Forward Guidance: Is There a Play on the Comey Testimony?
Editor’s Note: Today, Investment U is launching Forward Guidance, a weekly podcast about the news and current events that matter to your portfolio.
This podcast was recorded on Thursday afternoon, immediately after James Comey’s public testimony. The situation may have changed by the time this airs, and we will update the text below accordingly.
On this week’s episode of Forward Guidance, I’m talking with Matthew Carr about the market effects of former FBI Director James Comey’s testimony to Congress about President Trump on Thursday.
While the testimony contained a few notable moments, it didn’t decisively indicate that President Trump had committed a crime. With that in mind, I started the conversation with Matthew by asking him about the chances of a second “Trump rally” in equities.
Matthew agrees that the hearing didn’t deliver any big, impeachable bombshells. But also, he doesn’t think that a Trump-fueled market rally is likely.
In his view, the original Trump rally was fueled by optimism around Trump’s tax agenda... and that rally is over at this point. Matthew points out that financial stocks and the U.S. dollar cooled off this spring, as investors lost confidence in the administration’s ability to make progress on policy matters.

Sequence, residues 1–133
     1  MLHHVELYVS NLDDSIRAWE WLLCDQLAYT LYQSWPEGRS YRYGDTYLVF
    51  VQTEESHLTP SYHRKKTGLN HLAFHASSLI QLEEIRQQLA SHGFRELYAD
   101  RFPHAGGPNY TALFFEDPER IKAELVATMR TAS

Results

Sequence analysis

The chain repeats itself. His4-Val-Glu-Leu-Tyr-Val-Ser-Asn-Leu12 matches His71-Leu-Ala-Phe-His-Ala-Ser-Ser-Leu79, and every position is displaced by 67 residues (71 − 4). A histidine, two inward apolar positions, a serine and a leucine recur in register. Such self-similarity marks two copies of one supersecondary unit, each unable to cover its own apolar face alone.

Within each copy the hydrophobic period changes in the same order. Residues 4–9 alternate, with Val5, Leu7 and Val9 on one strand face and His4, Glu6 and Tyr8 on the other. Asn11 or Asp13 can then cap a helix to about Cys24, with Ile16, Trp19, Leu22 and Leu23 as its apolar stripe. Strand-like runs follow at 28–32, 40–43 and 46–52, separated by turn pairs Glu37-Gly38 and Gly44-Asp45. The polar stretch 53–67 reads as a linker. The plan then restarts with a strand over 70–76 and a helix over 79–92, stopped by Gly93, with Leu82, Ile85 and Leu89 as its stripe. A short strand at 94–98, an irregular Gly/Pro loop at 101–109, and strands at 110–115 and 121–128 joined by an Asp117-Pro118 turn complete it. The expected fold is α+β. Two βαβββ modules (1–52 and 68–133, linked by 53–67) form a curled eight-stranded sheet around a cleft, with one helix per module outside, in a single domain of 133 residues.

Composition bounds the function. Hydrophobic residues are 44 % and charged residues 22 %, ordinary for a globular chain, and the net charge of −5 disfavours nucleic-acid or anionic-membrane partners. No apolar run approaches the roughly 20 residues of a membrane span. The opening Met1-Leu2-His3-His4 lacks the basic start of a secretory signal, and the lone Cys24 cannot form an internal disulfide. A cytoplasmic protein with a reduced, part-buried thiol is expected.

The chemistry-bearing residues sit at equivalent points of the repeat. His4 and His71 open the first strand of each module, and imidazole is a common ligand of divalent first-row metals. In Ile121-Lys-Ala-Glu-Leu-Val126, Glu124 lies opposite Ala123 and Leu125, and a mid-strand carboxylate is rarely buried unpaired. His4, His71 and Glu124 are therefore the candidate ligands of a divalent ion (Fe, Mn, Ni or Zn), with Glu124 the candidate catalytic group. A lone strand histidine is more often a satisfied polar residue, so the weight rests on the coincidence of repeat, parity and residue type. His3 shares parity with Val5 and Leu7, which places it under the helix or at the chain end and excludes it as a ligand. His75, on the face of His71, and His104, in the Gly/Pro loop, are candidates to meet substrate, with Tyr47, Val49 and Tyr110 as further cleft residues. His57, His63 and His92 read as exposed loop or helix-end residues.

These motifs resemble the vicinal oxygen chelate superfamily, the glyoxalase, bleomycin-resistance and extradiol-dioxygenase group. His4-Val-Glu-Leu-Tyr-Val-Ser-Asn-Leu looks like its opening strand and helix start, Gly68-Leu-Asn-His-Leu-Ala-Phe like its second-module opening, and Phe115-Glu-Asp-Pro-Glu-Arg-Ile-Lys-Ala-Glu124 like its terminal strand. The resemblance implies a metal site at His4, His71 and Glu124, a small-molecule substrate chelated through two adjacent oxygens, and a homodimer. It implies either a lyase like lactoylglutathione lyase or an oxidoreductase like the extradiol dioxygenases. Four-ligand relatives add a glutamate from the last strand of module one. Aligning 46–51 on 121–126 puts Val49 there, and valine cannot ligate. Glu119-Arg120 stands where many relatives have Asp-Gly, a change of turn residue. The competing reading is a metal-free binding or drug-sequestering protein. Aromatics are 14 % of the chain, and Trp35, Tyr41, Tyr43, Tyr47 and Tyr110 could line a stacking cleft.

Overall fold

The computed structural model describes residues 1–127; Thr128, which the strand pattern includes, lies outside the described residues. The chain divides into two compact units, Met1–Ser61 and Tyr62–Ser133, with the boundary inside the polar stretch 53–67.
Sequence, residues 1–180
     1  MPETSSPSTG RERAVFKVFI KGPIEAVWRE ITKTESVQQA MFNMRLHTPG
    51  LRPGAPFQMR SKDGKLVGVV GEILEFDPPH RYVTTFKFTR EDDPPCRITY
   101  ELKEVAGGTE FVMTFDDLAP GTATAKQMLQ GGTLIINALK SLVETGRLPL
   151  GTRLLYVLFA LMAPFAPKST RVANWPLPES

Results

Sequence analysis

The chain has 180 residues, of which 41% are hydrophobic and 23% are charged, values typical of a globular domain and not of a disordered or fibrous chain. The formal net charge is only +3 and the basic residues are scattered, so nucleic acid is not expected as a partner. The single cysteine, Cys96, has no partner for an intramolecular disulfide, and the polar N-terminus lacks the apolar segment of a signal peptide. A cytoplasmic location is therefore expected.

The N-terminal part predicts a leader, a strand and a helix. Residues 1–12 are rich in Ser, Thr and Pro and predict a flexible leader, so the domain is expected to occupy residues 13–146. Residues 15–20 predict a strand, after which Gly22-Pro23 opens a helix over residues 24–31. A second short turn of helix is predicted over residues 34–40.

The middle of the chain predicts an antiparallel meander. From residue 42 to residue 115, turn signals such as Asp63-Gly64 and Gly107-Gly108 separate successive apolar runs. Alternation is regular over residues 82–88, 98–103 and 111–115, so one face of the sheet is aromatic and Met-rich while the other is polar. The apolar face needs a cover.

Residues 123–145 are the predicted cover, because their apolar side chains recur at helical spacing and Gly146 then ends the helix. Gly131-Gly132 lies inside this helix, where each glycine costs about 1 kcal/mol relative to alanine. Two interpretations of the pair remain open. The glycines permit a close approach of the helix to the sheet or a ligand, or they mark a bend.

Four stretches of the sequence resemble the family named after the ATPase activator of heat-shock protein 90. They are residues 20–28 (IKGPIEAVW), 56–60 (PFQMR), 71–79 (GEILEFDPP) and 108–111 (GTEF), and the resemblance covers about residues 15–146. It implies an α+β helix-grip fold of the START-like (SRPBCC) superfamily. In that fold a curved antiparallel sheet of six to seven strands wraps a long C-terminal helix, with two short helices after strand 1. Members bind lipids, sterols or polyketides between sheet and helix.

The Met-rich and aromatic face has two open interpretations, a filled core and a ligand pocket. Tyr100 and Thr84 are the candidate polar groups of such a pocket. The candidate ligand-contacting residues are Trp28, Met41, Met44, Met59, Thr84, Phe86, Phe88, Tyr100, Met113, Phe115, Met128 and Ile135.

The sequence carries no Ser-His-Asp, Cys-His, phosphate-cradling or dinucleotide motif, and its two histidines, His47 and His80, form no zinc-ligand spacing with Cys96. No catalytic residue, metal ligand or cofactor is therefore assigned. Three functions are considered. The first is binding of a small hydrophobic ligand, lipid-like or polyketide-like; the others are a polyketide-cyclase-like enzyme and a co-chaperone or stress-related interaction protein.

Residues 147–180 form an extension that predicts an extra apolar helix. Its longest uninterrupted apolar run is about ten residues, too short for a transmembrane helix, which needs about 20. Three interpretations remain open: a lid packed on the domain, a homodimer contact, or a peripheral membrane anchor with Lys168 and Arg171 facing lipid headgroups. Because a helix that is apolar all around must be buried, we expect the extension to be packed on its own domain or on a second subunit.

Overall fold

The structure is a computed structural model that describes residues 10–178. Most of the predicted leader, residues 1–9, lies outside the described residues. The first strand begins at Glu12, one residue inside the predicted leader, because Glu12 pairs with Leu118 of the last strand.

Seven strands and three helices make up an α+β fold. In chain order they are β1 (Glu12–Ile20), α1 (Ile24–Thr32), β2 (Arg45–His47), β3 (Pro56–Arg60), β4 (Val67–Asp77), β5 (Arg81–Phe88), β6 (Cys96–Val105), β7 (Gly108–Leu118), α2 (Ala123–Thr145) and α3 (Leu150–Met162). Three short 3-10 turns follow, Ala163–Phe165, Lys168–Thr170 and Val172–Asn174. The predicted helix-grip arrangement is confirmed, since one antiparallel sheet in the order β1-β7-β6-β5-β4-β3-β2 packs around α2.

The market is still hitting all-time highs, but Matthew believes that has more to do with fundamentals than with Comey and Trump. However, he does see one potential play on the latest events from D.C. - media stocks.
For a nonelection year, 2017 has seen an unprecedented level of activity from super PACs, special interest groups and partisan media companies. Matthew feels that all of this political conflict could translate into higher revenues for cable networks and other ad sellers.
At the end of our conversation, he made an important point about how political scandals affect the market - in the long term, they don’t. Matthew emphasized that the market doesn’t care whether or not Trump is impeached. It didn’t really care when Nixon was ousted or when Clinton successfully defended himself from conviction.
Rather, the market cares about certainty. No matter which way the Trump-Russia investigation goes, investors will probably be happy when it ends.
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